|Millennium:||1st millennium BC|
|113 BC by topic|
|Gregorian calendar||113 BC|
|Ab urbe condita||641|
|Ancient Egypt era||XXXIII dynasty, 211|
|- Pharaoh||Ptolemy IX Lathyros, 4|
|Ancient Greek era||166th Olympiad, year 4|
|Balinese saka calendar||N/A|
|Chinese calendar||丁卯年 (Fire Rabbit)|
2584 or 2524
— to —
戊辰年 (Earth Dragon)
2585 or 2525
|Coptic calendar||−396 – −395|
|Ethiopian calendar||−120 – −119|
|- Vikram Samvat||−56 – −55|
|- Shaka Samvat||N/A|
|- Kali Yuga||2988–2989|
|Iranian calendar||734 BP – 733 BP|
|Islamic calendar||757 BH – 756 BH|
|Minguo calendar||2024 before ROC|
|Seleucid era||199/200 AG|
|Thai solar calendar||430–431|
14 or −367 or −1139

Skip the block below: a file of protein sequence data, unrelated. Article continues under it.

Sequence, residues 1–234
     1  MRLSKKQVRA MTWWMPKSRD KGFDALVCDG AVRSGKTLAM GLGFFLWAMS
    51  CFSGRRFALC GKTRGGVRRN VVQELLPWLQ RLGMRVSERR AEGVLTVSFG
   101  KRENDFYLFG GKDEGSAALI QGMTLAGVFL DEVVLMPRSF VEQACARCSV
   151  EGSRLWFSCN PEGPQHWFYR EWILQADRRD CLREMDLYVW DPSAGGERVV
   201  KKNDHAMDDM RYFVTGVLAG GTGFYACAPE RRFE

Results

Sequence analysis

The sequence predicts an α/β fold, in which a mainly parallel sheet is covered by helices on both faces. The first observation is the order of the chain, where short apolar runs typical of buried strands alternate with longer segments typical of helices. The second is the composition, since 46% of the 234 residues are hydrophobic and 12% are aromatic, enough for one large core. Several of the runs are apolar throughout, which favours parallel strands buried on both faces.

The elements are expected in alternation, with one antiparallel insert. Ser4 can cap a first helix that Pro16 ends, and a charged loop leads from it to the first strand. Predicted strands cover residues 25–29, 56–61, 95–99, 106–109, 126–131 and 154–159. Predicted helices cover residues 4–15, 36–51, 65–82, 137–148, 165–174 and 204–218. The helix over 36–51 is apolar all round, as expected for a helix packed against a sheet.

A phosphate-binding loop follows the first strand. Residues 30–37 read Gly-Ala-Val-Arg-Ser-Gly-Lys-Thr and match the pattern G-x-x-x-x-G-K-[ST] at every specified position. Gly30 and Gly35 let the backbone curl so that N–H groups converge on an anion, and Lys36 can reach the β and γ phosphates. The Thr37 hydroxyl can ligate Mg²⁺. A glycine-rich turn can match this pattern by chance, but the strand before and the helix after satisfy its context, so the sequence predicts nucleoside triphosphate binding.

— to —
15 or −366 or −1138
Year 113 BC was a year of the pre-Julian Roman calendar. At the time it was known as the Year of the Consulship of Caprarius and Carbo (or, less frequently, year 641 Ab urbe condita). The denomination 113 BC for this year has been used since the early medieval period, when the Anno Domini calendar era became the prevalent method in Europe for naming years.
- The Cimbri and Teutones cross the Danube and enter the lands of the Celtic tribe, the Taurisci. The latter appeal to Rome for assistance and the Senate sends an army under Gnaeus Papirius Carbo to drive the Germans back. The Romans attack the retreating columns as they pass the town of Noreia, but the Roman army is defeated in an ambush.
- Germanic tribes attack Gaul and northern Spain.
- War between the Celtiberians and the Romans.
- An incense burner, later found in the tomb of Liu Sheng, Prince of Zhongshan in Mancheng, Hebei, is made during the Han Dynasty. It is now kept at Hebei Provincial Museum, Shijiazhuang.